I'm learning to play the classic Tampa Red tune "It Hurts Me, Too"
... though I'm doing it more in the Elmore James style. My guitar work is very minimalistic, a slow shuffle, lots of emphasis on the slide.
It occurred to me as was practicing it that, on paper, the lyrics are kinda flat and empty.
You said you was hurting, almost lost your mind,And the man you love, he hurts you all the time.
When things go wrong, go wrong with you, it hurts me, too.
I had some fun singing this completely "straight" -- no fake southern accent, absolutely no bends in the notes. Even when you do it sincerely, not intending to mock, it's pretty weird.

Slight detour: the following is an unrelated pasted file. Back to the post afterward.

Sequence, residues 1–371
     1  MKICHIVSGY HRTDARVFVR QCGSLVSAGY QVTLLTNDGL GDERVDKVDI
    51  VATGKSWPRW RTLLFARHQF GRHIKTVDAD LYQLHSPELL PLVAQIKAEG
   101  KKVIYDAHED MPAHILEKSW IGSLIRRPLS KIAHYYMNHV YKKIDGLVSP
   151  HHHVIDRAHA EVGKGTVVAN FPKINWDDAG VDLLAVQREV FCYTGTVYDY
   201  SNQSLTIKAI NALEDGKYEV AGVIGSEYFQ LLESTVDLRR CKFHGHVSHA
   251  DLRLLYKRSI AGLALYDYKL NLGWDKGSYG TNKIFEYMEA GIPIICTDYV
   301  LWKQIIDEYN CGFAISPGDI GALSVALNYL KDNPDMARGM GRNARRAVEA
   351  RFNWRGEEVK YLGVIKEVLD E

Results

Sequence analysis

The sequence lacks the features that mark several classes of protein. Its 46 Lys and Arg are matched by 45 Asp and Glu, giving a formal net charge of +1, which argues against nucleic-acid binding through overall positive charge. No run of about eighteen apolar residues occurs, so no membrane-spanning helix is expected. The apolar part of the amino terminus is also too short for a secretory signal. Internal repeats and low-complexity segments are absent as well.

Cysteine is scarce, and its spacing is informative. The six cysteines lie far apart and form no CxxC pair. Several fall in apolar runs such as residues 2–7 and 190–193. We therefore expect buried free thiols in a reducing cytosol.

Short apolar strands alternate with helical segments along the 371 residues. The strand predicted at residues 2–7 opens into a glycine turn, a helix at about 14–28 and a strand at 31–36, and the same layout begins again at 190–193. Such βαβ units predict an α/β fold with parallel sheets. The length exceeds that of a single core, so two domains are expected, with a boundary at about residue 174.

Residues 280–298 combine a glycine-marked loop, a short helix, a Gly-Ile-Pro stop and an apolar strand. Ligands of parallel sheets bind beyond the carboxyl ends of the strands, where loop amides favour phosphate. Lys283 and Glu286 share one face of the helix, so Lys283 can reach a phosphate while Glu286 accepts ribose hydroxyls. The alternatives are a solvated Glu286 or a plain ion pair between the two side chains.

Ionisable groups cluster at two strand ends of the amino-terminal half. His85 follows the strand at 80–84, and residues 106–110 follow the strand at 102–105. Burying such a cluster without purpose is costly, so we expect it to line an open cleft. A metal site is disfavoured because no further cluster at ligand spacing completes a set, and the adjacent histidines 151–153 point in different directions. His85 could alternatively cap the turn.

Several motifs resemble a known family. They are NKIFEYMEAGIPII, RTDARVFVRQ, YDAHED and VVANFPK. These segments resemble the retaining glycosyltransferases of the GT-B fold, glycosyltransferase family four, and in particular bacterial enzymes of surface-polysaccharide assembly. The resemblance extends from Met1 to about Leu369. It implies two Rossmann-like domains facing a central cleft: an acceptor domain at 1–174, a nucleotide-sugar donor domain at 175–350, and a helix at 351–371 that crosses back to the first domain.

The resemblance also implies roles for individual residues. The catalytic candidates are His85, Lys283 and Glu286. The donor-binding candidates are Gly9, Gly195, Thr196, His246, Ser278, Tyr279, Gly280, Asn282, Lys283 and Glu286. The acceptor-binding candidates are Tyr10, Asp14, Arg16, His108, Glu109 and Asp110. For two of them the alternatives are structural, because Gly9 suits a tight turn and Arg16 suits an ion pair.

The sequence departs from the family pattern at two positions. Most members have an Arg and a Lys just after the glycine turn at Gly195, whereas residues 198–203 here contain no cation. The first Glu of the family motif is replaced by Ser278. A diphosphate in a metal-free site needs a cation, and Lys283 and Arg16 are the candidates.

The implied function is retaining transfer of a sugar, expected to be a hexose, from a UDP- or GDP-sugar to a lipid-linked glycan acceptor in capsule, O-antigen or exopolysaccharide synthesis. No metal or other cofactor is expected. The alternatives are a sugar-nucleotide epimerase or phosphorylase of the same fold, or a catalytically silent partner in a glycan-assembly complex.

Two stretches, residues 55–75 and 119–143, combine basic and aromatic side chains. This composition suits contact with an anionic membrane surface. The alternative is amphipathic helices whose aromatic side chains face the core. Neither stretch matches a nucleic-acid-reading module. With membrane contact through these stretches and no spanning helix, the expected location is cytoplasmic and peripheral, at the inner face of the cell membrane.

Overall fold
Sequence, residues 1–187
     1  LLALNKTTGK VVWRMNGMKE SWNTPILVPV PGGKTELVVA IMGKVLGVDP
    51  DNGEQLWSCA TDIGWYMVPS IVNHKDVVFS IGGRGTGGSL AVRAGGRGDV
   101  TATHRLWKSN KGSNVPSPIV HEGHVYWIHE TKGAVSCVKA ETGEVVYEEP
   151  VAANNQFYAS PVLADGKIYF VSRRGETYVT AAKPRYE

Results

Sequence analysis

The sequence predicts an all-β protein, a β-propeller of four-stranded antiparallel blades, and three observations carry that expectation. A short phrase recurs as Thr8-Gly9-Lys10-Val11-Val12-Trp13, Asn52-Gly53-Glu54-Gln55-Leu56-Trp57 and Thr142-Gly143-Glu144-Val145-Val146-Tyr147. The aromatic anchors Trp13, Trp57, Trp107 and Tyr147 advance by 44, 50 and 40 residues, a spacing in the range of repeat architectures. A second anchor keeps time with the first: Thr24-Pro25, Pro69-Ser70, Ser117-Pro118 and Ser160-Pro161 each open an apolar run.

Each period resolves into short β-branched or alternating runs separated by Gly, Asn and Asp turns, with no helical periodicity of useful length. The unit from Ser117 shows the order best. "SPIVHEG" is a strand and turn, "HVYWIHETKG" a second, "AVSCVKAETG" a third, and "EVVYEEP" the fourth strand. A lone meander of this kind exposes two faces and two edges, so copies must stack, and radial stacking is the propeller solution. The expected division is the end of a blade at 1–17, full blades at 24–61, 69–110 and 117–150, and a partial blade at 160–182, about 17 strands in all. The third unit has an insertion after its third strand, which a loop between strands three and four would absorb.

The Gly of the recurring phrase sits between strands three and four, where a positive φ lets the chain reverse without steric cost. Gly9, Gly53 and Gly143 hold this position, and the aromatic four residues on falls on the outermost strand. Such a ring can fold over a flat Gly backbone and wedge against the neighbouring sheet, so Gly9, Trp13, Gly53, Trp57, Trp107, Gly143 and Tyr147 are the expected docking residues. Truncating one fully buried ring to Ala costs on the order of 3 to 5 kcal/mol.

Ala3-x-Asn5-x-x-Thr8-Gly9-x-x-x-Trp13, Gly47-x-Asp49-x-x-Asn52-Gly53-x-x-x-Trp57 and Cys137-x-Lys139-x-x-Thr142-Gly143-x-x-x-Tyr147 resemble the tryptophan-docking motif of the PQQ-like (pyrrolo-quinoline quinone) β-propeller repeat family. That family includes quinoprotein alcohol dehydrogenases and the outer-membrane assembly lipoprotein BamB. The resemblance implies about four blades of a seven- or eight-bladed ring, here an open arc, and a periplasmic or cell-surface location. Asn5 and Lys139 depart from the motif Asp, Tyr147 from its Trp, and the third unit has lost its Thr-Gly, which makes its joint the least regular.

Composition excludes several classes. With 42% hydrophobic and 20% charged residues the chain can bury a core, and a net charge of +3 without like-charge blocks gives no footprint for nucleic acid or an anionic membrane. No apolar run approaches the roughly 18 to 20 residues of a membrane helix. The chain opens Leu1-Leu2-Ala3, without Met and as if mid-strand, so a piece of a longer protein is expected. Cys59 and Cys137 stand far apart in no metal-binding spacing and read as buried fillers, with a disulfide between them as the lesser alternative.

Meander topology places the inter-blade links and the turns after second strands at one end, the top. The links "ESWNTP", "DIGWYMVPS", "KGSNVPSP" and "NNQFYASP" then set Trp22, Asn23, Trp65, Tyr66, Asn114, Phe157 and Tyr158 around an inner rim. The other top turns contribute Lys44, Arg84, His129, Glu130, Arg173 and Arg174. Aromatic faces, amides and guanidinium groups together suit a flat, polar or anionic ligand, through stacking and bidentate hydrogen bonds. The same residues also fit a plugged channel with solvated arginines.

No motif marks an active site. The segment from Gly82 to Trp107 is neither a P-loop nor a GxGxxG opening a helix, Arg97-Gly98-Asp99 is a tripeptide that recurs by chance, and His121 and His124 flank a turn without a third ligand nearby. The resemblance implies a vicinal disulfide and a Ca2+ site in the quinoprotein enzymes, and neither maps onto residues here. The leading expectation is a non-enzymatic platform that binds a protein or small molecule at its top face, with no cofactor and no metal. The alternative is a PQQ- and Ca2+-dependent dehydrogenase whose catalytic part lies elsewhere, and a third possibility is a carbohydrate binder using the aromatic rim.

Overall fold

So I gots to thinkin'...
It's really fascinating how it really delivers so much more meaning when you add the music, complete with its rising and falling lines, bends into and out of the notes, and associated changes in the pronunciation. Blues lyrics are inherently minimalist -- very un-clever and to-the-point. The music, I think, is needed to give the lyrics an ocean in which to swim.
I'll bet, however, a lot (if not most?) poetry is better NOT set to music.